Vietnam's new law tightens control of the internet

Companies will be expected to store user data locally and remove offensive posts from the internet within one day.

Zoey Chong Reporter
Zoey is CNET's Asia News Reporter based in Singapore. She prefers variety to monotony and owns an Android mobile device, a Windows PC and Apple's MacBook Pro all at the same time. Outside of the office, she can be found binging on Korean variety shows, if not chilling out with a book at a café recommended by a friend.
Zoey Chong
2 min read
Man using a smartphone

Vietnam wants more control of its internet.

Godong/UIG via Getty Image

Vietnam is taking a leaf out of China's book when it comes to regulating the internet.

Legislators in Vietnam have approved a law requiring global tech firms with operations in the country to keep user data there, Reuters reported Tuesday. In addition, social media companies like Facebook will have to remove offending content from their platforms within one day of receiving a request from authorities.

An estimated 55 million people in Vietnam use social media regularly and the country is home to some of Facebook's most active users, ranking at seventh worldwide, according to a 2018 global digital report. Vietnam already has existing laws penalising anyone guilty of "propaganda against the state."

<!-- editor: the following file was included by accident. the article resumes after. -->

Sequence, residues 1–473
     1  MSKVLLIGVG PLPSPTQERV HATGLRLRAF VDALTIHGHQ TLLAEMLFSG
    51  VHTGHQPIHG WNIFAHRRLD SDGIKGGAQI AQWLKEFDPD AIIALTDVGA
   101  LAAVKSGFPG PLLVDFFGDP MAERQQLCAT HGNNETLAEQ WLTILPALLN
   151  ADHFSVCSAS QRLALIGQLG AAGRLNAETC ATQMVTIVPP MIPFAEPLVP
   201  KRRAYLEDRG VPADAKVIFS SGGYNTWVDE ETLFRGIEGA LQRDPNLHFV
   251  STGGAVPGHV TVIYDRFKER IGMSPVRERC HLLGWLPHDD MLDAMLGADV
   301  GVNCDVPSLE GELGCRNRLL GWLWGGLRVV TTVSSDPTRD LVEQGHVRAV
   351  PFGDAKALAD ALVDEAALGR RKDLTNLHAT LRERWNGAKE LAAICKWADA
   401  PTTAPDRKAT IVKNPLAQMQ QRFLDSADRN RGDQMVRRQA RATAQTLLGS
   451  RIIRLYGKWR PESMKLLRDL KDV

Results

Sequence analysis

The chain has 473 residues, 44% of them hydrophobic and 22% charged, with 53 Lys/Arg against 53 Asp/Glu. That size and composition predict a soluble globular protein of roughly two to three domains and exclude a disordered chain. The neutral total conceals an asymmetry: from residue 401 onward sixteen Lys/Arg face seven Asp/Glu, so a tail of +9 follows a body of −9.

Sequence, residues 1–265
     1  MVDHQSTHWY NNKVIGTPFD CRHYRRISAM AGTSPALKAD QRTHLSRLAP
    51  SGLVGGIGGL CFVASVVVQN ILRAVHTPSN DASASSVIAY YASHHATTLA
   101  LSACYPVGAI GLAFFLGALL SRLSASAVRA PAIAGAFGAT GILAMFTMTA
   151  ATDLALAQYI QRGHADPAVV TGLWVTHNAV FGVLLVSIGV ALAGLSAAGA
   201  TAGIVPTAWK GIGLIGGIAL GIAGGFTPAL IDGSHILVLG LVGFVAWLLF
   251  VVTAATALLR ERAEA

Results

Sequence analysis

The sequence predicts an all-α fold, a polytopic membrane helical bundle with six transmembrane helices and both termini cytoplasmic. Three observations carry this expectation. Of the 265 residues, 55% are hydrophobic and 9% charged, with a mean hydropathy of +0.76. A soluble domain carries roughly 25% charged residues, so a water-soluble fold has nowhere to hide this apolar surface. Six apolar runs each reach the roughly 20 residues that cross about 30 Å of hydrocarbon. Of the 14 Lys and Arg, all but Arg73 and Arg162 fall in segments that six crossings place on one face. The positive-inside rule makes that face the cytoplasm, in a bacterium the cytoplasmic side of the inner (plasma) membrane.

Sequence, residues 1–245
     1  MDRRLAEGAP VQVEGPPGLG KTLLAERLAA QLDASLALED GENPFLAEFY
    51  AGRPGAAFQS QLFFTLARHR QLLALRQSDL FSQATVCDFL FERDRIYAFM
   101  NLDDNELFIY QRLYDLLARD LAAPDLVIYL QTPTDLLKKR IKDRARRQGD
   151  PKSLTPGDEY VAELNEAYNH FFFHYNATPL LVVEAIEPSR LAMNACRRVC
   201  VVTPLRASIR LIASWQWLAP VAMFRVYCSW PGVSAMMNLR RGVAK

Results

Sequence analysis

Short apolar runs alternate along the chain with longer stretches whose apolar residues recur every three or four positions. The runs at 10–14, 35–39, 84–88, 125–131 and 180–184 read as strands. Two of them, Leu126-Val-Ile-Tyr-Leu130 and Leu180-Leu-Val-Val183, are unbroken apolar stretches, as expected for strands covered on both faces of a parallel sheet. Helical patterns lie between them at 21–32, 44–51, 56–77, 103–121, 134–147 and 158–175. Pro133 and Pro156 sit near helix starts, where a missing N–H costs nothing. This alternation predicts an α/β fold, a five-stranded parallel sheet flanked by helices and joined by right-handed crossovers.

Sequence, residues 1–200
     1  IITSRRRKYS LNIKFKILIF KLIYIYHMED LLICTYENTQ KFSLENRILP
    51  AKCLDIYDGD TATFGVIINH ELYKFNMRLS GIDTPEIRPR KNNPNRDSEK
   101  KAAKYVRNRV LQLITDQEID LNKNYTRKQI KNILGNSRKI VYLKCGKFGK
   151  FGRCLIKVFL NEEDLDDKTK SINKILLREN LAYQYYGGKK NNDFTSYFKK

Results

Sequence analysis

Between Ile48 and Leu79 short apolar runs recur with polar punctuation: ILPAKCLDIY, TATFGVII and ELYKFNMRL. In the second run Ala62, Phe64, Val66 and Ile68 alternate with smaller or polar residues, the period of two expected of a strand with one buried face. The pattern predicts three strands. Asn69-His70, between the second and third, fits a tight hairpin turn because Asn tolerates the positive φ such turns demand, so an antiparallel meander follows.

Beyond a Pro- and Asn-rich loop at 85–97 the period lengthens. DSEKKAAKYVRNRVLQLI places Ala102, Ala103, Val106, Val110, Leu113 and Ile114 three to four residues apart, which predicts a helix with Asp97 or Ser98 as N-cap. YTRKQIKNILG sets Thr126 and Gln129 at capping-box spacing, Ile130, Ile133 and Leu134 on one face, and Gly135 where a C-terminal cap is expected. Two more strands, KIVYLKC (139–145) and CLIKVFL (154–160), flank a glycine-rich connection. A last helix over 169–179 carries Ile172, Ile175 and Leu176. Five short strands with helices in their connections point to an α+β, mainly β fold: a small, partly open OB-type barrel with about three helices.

The law is similar to the internet restrictions in China, which is notorious for its tight control over the country's cyberspace. Apple has sparked controversy this year after it built a data centre in China to comply with new laws requiring local data storage. Social media companies, which are typically Chinese as the country bans foreign services such as Facebook and Twitter, have long been required to help keep dissent out of their platforms, with companies practicing self-censorship.

Vietnam's new law is "crucial" in the fight against cybercrime, said Vo Trong Viet, head of the defence and security committee that drafted the law, according to Reuters. He also said it's compliant with international regulations.

There's no timeline given yet as to when the new law will kick in. Still, people are concerned it will stifle free expression in Vietnam.

"This decision has potentially devastating consequences for freedom of expression in Vietnam," Clare Algar, Amnesty International's director of global operations said Tuesday in a statement. "With the sweeping powers it grants the government to monitor online activity, this vote means there is now no safe place left in Vietnam for people to speak freely."

Watch this: Facebook adds censorship options and Xbox One gets VR streaming

Cambridge Analytica: Everything you need to know about Facebook's data mining scandal.

Tech Enabled: CNET chronicles tech's role in providing new kinds of accessibility.